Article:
Similar to the saying, “You are what you eat,” the creative writer often reflects the literature that they consume. Over the past year, I have not read an impressive or even adequate amount of poetry. As a senior in Ruth Asawa School of the Arts’ Creative Writing Department, I am tasked with creating a thesis. I decided last year, in my final months as a junior, that I wanted my thesis to be a novel. Since then, I have for the most part only read novels as a form of research. I was not actively avoiding poetry, but I was neglecting that side of my writing.
More than six months passed without me seriously sitting down and crafting a poem. On the rare occasion where I tried to don my poet’s hat, I was too much in my head and could not translate my thoughts onto the page. I had fallen out of love with poetry, when poetry was the genre that first introduced me to the craft of creative writing.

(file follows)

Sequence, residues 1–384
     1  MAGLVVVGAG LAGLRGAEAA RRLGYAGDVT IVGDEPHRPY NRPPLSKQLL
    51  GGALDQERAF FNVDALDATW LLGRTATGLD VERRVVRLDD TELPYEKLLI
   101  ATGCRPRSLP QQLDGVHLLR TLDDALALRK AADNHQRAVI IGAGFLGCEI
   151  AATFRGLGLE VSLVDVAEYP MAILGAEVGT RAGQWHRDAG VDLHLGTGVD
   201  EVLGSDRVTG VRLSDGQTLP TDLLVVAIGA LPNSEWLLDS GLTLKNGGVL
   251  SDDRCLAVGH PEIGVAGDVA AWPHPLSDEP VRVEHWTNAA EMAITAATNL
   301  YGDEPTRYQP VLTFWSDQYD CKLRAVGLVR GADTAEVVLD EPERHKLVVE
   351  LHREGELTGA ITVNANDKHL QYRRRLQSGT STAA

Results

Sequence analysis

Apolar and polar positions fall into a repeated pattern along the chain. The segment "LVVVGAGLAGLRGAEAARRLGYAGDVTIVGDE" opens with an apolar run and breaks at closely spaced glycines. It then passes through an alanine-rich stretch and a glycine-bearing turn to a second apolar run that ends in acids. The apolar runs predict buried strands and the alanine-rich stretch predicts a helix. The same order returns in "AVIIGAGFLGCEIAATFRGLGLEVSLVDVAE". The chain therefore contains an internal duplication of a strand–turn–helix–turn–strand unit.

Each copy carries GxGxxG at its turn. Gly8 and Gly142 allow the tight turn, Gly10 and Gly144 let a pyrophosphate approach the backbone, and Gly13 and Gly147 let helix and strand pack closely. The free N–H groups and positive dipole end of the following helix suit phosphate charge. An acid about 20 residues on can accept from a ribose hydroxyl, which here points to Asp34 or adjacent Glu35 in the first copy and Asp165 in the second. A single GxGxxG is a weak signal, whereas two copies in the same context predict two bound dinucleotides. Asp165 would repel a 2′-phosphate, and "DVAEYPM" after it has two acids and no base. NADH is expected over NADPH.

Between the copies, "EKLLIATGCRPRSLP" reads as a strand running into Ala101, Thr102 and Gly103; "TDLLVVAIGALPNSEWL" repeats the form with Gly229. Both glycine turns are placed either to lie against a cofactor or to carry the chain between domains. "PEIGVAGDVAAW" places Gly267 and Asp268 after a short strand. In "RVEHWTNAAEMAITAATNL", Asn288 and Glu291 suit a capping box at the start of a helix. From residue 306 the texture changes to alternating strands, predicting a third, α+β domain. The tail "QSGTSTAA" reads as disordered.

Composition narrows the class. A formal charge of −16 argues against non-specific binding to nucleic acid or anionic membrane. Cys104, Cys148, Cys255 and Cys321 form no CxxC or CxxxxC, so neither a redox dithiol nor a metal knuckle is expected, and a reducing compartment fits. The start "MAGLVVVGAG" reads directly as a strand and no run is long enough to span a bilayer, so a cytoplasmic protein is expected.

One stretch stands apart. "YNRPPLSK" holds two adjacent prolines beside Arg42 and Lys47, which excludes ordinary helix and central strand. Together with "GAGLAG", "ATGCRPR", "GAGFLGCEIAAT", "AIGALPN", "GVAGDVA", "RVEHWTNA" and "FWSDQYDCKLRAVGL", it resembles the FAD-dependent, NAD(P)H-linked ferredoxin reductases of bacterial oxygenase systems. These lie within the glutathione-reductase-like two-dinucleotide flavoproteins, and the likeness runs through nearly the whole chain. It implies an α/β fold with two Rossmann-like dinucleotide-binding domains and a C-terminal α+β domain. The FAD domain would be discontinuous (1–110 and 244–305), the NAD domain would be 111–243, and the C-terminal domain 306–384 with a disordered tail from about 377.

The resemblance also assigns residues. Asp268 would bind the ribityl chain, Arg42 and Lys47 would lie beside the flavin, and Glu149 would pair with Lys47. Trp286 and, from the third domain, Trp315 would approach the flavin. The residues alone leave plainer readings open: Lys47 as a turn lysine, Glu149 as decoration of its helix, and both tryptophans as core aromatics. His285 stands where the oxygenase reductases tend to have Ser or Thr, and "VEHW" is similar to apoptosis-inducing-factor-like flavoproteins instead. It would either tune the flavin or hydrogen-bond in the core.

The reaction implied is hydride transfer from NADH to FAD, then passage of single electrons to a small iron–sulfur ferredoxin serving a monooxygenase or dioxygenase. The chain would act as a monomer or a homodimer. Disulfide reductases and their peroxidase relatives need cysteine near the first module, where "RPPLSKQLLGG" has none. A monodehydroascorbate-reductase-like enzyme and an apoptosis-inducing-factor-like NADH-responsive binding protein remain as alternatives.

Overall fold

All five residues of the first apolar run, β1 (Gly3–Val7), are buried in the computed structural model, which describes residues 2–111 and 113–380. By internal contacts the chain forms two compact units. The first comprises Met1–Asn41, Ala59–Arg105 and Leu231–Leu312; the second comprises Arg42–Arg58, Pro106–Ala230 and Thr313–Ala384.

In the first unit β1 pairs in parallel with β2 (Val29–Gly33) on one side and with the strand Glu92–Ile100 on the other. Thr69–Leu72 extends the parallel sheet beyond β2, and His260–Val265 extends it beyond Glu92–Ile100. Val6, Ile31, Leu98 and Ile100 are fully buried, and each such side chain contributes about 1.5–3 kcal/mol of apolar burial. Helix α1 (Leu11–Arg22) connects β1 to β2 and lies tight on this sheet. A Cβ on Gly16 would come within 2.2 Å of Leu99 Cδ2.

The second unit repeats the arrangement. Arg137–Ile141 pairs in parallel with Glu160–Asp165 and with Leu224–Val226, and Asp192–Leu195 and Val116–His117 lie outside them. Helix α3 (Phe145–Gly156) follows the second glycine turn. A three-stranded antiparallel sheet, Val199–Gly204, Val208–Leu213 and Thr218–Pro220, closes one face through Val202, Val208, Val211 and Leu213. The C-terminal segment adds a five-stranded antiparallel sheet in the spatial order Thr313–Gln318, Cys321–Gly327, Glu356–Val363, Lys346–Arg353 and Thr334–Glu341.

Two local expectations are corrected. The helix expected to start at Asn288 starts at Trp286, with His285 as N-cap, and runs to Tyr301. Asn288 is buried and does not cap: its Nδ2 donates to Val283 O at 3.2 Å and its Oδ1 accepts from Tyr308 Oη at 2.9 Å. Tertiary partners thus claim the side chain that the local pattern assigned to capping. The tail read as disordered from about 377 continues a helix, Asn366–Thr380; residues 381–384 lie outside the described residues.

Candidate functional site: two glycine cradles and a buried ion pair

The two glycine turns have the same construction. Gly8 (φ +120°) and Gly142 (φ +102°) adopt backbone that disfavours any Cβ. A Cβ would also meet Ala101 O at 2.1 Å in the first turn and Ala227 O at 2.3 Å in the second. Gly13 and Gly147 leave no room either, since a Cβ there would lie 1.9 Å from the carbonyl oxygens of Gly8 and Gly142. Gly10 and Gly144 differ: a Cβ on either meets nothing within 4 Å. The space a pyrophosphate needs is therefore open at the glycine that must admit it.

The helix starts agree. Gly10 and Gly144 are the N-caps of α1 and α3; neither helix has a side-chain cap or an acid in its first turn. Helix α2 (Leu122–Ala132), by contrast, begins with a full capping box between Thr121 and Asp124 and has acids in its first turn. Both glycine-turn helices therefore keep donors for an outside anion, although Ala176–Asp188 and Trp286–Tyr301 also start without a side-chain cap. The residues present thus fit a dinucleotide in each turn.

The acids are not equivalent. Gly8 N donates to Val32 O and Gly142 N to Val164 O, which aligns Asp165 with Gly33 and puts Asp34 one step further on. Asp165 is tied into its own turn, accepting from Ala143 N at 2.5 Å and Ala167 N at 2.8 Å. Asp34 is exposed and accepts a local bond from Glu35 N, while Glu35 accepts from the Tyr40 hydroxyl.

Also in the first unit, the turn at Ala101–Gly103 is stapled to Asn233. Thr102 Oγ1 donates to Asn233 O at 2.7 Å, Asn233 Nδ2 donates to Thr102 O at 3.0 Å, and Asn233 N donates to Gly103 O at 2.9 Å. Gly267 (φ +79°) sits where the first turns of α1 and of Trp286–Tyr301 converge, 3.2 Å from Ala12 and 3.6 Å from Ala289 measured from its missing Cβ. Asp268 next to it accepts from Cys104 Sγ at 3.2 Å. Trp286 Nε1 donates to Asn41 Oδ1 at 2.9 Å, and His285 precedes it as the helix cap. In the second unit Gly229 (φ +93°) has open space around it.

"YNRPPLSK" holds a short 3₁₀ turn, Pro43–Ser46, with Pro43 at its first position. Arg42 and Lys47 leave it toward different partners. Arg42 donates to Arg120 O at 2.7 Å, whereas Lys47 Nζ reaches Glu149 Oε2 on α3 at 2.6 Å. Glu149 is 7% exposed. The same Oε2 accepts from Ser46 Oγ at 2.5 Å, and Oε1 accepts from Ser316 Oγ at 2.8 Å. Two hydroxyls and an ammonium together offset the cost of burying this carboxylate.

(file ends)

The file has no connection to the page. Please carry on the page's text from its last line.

Going into the Creative Writing Department’s poetry unit, I was apprehensive. I feared that my poems would be too plot-based: all exposition and no imagery. My fears were confirmed. For the first week or two, my poems—in simplest terms—sucked. I wasn’t connected to anything I wrote. It was all word soup.
As I read more poetry, I hungered after writing poetry again. And, little-by-little, the prose started flowing. Finding motivation caused the shift. For every poem, I require some sort of exigence. Recently, emotion has been my kindling. As a senior, departure is at the forefront of my mind. I use the complex feelings related to leaving as the core of my poems. When I have a focused intent, I think less about the crafting of the poem and am instead swept into greater purpose.
Poetry still scares me, but now I have rediscovered the joy of finishing a piece. There is nothing quite like the thrill of crafting a perfect reflection of my emotions and thoughts.